The film opens with a young woman that receives near-fatal burns as a tanning bed experience goes terribly awry. We're then treated to the likes of "Rhonda's Workout" – a gym, naturally run by a woman named Rhonda, that features a dance class that is infinitely in session, packed to the brim with facial close-ups, synthy hum drum, and anatomical regions of the feminine persuasion. This will be 1 of 5 (or roughly so, I actually lost count) dance sequences littered throughout. Amidst the slaughter of innocents with no relative modus operandi, the patrons of the workout facility barely bat an eyelash to acknowledge these gruesome affairs. Toss in your average "bad cop" authority figure who's willing to play hardball and a new muscle head employee who's actually a private investigator and you're ready to stir up the contents of a stereotypical 80s cheese-fest.
Moments worth cherishing within Killer Workout mostly pertain to the excellently delivered dialog, such as this bread-winner of Shakespearean-level achievement:
Typical Workout Jock: I just wanna know one thing. Workout Girl: What? Typical Workout Jock: (points to her zipped up spandex onesy) What's the zipper for, baby? Workout Girl: I'll leave it to your imagination .(storms off, rather annoyed)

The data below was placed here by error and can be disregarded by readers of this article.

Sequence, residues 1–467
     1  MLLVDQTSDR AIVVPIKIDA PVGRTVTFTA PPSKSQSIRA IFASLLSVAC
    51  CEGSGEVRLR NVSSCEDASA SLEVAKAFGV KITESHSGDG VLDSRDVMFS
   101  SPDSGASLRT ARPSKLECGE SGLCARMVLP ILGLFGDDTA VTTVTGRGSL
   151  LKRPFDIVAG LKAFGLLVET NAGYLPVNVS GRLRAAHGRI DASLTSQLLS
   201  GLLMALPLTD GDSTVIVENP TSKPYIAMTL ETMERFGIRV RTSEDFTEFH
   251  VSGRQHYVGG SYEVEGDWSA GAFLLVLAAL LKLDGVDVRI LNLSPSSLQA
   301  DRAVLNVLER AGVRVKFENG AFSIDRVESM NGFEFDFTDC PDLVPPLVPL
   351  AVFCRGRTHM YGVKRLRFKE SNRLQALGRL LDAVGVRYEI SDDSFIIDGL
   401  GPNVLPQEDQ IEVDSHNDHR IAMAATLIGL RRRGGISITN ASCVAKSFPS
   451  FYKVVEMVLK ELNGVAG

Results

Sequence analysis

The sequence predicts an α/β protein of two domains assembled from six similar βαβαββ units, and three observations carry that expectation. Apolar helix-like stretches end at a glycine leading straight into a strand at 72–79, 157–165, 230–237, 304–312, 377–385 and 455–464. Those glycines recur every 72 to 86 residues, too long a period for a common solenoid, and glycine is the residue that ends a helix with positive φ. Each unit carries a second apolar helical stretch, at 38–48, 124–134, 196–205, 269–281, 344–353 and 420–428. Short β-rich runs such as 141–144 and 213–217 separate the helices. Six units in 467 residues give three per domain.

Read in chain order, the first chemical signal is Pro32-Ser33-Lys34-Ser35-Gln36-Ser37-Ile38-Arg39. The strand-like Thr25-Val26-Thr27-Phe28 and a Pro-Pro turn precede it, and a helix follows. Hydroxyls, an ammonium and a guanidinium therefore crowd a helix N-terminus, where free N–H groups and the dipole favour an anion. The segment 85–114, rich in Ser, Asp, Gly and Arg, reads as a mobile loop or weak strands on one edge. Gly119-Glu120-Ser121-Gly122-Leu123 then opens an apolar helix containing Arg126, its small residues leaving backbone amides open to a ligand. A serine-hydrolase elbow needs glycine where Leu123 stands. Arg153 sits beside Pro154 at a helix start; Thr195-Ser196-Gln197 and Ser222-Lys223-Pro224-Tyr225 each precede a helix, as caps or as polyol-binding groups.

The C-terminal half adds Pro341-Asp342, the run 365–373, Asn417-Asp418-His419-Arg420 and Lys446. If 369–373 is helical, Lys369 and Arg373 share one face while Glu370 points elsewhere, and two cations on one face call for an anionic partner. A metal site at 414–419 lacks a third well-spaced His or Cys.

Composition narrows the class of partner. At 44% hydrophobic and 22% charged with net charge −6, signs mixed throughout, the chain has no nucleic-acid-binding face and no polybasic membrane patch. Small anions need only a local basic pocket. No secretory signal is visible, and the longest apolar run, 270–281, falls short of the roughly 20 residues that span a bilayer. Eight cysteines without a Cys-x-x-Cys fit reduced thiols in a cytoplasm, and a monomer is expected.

What's the zipper for baby? It's a complicated human invention crafted from a metal compound called a zipper; it's commonly sewn onto a garment for the purpose of concealing basic parts our anatomy, in particular, her breasts, you dim-witted Neanderthal. Of course it's really a wonder at all that you can hear this conversation over the whine of the electric guitar busting into a solo as it plays on throughout the opening segment. And furthermore, who hugs someone else after a rigorous dance routine anyway? It's like Killer Workout was written and directed in an alternate universe called Make-Pretend-Movie-Land where the players are tra-la-la'ing. Only a world such as this would feature musical cues at the start of scenes that don't require them like a simple conversation. Why, oh why?